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Cardiovascular Disease Risk Varies by Birth Month in Canines

Abstract

The canine heart is a robust physiological model for the human heart. Recently, birth month associations have been reported and replicated in humans using clinical health records. While animals respond readily to their environment in the wild, a systematic investigation of birth season dependencies among pets and specifically canines remains lacking. We obtained data from the Orthopedic Foundation of Animals on 129,778 canines representing 253 distinct breeds. Among canines that were not predisposed to cardiovascular disease, a clear birth season relationship is observed with peak risk occurring in June-August. Our findings indicate that acquired cardiovascular disease among canines, especially those that are not predisposed to cardiovascular disease, appears birth season dependent. The relative risk of cardiovascular disease for canines not predisposed to cardiovascular disease was as high as 1.47 among July pups. The overall adjusted odds ratio, when mixed breeds were excluded, for the birth season effect was 1.02 (95% CI: 1.002, 1.047, p = 0.032) after adjusting for breed and genetic cardiovascular predisposition effects. Studying birth season effects in model organisms can help to elucidate potential mechanisms behind the reported associations.

Introduction

Importance of Trans-Species Understanding of Disease

Trans-species polymorphisms are genetic polymorphisms shared across evolutionarily related species1. Five well-described ‘trans-species’ genes include the major histocompatibility complex (MHC), the ABO blood group, antiviral genes and auto-immune related genes1. Many trans-species gene studies were conducted in primates. However, canines (Canis familiaris) represent a particularly relevant animal model when studying human diseases because of their cohabitation with humans, which has resulted in similar environmental pressures2. For example, the FGF5 gene responsible for determining hair length in canines3 has also been implicated in baldness in humans4. Other mutations have been selected for in canine populations due to their desirability. For example, chondrodysplasia has been selected for in breeds such as the dachshund (literally ‘badger dog’ in German) that were breed for characteristics (such as short stature) that made them suitable for a specific purpose (such as hunting badgers that required an animal that was both short and long). This selection bias by design in domesticated canines has made mutations in FGF4 (chondrodysplasia gene) relatively common among short-legged canines2,5.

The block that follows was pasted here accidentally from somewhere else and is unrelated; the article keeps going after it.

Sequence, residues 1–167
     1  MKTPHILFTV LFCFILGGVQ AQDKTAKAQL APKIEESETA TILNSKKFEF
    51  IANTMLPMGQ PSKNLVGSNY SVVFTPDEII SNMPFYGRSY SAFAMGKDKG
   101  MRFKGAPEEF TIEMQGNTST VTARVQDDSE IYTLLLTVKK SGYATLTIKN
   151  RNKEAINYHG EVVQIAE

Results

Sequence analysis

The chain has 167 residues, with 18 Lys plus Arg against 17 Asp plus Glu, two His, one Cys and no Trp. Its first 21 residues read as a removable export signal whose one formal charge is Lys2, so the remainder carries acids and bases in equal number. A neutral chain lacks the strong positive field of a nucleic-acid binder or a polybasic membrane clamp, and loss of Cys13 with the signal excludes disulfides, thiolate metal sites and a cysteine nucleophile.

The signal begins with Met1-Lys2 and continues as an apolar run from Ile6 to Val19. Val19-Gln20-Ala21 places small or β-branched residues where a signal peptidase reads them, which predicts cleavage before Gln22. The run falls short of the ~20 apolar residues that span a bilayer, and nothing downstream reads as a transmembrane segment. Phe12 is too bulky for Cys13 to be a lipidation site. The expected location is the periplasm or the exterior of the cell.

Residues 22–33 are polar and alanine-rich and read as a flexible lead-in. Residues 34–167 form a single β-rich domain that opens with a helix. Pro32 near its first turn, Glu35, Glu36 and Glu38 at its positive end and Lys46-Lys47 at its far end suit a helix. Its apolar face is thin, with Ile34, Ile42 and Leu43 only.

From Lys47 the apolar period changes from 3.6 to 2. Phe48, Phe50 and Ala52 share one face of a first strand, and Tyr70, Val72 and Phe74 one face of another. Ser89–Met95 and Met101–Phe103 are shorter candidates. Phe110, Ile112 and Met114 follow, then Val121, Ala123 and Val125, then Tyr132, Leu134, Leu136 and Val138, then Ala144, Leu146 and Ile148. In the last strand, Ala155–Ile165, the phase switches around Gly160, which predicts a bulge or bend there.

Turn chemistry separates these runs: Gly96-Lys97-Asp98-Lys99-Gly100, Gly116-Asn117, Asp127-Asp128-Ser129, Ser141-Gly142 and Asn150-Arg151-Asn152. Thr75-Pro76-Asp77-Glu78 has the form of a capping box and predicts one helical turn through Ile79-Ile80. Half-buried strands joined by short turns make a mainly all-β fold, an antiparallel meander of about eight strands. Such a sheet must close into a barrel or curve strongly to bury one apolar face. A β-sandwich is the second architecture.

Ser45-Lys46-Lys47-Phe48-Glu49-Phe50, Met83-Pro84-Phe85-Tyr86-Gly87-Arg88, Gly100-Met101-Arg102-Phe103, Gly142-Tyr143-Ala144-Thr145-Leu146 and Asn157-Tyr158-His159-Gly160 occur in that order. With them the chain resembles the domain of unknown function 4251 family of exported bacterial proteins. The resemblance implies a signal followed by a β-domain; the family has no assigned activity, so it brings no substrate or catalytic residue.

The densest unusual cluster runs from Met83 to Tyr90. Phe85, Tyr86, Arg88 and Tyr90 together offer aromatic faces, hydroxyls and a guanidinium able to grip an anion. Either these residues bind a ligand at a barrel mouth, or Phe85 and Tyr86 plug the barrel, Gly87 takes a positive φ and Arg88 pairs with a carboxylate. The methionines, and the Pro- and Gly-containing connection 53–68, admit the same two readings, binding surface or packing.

Genetic Similarity Among Species with Strong Structural Similarity

Structural similarity is often used as a proxy for genetic similarity when detailed genetic information is unavailable with an estimated 20% of similar structures sharing a common genetic etiology6. In the cardiovascular domain, the canine cardiovascular system is a commonly used model for the human cardiovascular system because of similarities in physiology between canine and human hearts7,8. Further, breed-specific variance in risk for certain types of cardiovascular disease suggests a genetic contribution to disease risk among canines9.

Role of Birth Month/Season in Canines

Recently, an association between birth season (using the proxy of birth month) and risk for cardiovascular disease has been uncovered in humans10 and replicated at other sites and regions11,12. Several hypotheses have been proposed in the literature, including increased perinatal influenza infection for those born in the winter in New York City or decreased perinatal vitamin D exposure10,11. Another explanation is first-trimester exposure to fine air particulates in humans, which is correlated with increased risk of atrial fibrillation later in life13. We expect the effect of seasonality on developing fetuses (either humans or canines) to be less drastic then pharmacological exposures14, however seasonal exposures still warrant further study13. Prior studies have established the presence of seasonal variance in animal births, which is well known and described15,16 the effect of birth season on disease risk in animals (especially those commonly used as animal models) is understudied. The majority of animal birth season research focuses on effects of food availability that varies with the season. Given that wild animals rely heavily on either foraging or hunting, seasonal variability in food supply effects the timing of their birth season and the survivability of offspring17,18.